resonate
and reflect less recklessly. In other words, what is
wrong with many self-reflexive disciplinary accounts (or "discipliniographies"
to lift and bend a term Maureen Daly Goggin introduces in Authoring a
Discipline
) is that they succumb to a localist impulse. That
is, they un-self-conciously extrapolate from local experience and anecdotal
evidence onto the field at large, projecting some local knowledge onto the
expansive abstraction that is the discipline (however we imagine it to be).
The localist impulse can take many different shapes; often it is akin to reading
patterns through the course of an individual career (i.e., "in my thirty years
at Whatsittoyou U.") or by cherry-picking from an exceedingly thin selection of
data (titles of conference presentations or tables of contents for teacher
training manuals). We all do this to some extent–making sense of the field at
large through our local, immediate experiences, but it is dangerous to arrive at
conclusions about the field (or world) at-large solely by examining one’s own
neighborhood.

What I’m getting at is that I don’t have any beef with the disciplinary
practice of self-examination. Perhaps there are more than a handful of
fields in the academy that would benefit from more of it. I hold history (the calling of others who’ve navigated this canyon) and
reflection in high regard (perhaps not to the ill-fated extremes of Echo and
Narcissus). Resonanceresonanceresonance and reflection are valuable, especially for newcomers,
for the "new converts" Kopelson mentions. But they will not be successful–or
very useful–until they get beyond that localist impulse, until they involve
earnest field-wide data collections and collaboratively built databases. I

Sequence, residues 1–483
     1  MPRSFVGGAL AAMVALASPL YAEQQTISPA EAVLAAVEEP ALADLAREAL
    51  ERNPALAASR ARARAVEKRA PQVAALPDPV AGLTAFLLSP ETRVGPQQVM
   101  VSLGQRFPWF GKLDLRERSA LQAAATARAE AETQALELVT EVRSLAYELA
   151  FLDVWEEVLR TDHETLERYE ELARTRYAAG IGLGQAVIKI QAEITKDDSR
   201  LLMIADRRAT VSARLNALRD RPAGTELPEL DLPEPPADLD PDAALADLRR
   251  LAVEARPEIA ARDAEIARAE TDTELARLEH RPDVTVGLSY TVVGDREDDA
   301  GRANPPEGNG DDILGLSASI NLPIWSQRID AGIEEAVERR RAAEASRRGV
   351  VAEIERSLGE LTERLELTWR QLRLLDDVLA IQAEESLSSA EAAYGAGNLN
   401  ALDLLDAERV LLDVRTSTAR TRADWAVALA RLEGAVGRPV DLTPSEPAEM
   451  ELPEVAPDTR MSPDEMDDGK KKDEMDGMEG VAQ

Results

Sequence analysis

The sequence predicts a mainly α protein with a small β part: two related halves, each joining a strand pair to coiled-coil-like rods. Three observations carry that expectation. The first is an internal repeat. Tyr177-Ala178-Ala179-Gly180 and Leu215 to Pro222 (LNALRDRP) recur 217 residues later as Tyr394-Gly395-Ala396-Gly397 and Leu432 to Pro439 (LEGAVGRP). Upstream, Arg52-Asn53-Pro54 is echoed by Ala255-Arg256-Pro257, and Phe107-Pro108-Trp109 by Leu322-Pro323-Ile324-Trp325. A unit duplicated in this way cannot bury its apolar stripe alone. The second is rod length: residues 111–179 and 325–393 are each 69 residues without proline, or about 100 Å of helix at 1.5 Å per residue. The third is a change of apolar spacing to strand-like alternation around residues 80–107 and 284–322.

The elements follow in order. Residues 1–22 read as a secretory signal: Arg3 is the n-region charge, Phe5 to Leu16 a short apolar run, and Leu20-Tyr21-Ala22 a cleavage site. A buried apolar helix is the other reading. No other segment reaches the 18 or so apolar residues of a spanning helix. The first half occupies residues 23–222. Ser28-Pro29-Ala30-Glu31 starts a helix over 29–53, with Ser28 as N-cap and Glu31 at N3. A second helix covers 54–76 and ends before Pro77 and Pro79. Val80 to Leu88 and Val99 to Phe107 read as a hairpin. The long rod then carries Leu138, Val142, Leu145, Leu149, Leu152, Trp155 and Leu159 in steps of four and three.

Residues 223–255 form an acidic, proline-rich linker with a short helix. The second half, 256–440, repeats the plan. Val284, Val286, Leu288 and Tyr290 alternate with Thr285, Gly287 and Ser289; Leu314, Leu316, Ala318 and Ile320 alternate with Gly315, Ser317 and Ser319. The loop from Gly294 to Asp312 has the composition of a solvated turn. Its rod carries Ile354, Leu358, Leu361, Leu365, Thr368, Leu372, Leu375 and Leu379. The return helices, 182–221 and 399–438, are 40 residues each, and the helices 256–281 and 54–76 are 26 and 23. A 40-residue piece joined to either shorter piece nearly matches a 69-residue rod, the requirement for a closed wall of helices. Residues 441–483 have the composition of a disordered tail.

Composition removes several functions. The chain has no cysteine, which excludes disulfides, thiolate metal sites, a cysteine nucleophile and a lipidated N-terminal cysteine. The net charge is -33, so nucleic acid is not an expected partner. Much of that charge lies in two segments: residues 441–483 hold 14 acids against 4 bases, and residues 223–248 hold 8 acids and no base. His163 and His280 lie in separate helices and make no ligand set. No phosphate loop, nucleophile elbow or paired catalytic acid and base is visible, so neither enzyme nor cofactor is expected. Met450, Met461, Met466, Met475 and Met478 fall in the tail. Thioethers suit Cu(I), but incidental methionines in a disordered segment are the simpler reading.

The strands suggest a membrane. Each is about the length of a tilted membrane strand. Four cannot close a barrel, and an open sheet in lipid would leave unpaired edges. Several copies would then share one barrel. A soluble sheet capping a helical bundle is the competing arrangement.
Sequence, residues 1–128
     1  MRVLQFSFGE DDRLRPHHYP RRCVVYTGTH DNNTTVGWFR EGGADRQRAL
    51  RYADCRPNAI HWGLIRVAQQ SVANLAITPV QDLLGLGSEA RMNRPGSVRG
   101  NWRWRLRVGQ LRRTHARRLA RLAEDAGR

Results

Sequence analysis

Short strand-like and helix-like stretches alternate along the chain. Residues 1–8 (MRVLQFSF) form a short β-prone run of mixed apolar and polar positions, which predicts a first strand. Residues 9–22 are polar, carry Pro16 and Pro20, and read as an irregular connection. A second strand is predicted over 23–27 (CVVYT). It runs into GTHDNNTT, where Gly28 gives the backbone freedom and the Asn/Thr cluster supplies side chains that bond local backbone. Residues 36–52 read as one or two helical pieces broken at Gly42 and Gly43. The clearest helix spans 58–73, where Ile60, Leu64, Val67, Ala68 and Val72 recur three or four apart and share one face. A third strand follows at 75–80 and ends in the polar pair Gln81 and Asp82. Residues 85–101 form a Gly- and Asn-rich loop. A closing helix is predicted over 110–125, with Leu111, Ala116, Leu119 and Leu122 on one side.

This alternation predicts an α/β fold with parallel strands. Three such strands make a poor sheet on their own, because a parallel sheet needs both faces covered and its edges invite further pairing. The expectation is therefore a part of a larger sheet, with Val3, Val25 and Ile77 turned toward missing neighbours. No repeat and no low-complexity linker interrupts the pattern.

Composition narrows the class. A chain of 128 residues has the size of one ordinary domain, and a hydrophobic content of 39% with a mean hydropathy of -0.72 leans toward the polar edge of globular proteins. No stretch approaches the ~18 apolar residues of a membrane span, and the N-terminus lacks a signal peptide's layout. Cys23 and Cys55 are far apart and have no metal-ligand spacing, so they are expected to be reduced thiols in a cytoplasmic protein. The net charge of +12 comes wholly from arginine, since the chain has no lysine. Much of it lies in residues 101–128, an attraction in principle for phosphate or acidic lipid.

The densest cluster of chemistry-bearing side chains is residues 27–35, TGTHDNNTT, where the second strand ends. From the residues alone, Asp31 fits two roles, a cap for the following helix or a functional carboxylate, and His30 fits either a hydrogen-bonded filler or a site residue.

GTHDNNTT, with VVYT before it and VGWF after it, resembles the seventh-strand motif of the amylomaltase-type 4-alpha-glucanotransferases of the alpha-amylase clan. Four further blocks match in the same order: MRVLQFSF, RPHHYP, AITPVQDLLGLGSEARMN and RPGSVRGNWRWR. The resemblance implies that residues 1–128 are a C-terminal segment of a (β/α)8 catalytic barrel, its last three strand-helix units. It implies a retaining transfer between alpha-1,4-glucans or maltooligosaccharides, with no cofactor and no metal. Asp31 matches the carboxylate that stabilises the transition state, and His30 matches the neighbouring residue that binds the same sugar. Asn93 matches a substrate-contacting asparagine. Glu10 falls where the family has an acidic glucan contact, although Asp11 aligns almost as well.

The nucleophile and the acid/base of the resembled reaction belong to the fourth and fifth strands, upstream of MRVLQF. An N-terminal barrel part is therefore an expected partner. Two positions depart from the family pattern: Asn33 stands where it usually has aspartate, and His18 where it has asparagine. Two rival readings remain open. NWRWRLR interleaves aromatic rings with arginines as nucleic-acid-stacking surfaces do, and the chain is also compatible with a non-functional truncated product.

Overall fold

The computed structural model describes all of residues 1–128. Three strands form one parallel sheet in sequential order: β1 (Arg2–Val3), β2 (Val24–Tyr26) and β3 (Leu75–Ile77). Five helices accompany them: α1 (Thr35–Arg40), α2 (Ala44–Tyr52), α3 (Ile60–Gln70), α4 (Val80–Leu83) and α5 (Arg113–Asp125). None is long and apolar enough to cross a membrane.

don’t know how well this matches with Kopelson’s "innovative and far-reaching
forms of knowledge," but it is increasingly where my own interests lie.
If those far-reaching forms of knowledge included disciplinary data (even simple
stuff, like how many programs offer undergraduate writing majors), they could
generate insights about disciplinarity. In the meantime those full-view
insights will continue to elude us as long as we leap from local knowledge to
widespread pattern, without addressing sufficiently the intermediary scales.

Kopelson, Karen. “Sp(l)itting
Images; or, Back to the Future of (Rhetoric and?) Composition.” CCC 59.4
(2008): 750-780. [Carnival]

Writing Feverlets*

Curious about her critique of Derrida’s Archive Fever, I picked up a
copy of Carolyn Steedman’s Dust: The Archive and Cultural History from
Bird Library, recalling it from another patron who had checked it out (v. sorry
about that). I deal briefly with AF in Chapter Three. Steedman
makes the point that AF is less about archives than about Derrida’s
concern for the slippage of origins (a theme in his other work) and the
inseparability of psychoanalysis from Freud (and also Judaism). She
writes, "The Foreword [to AF] carried the main argument, about Freud’s
Jewish-ness, and the contribution of Jewish thought to the idea of the archive,
via psycho-analysis" (7). Basically, Steedman is suspicious of Derrida’s
characterization of the fever (as a frenzied pursuit of origins which do not
properly exist). She complains that the concept of the fever is degraded in
translation from Mal d’Archive, and then she enthusiastically claims the
sickness Derrida mocks: "Archive fever, indeed? I can tell you all about
Archive Fever!" (17). Dust undertakes this "all about-ness" at fever’s pitch;
Steedman, all the while, works to correct (or tune, at the very least) Derrida’s
glancing consideration of the archive left behind in his treatment of other
concerns (psychoanalysis, Freud, and so on).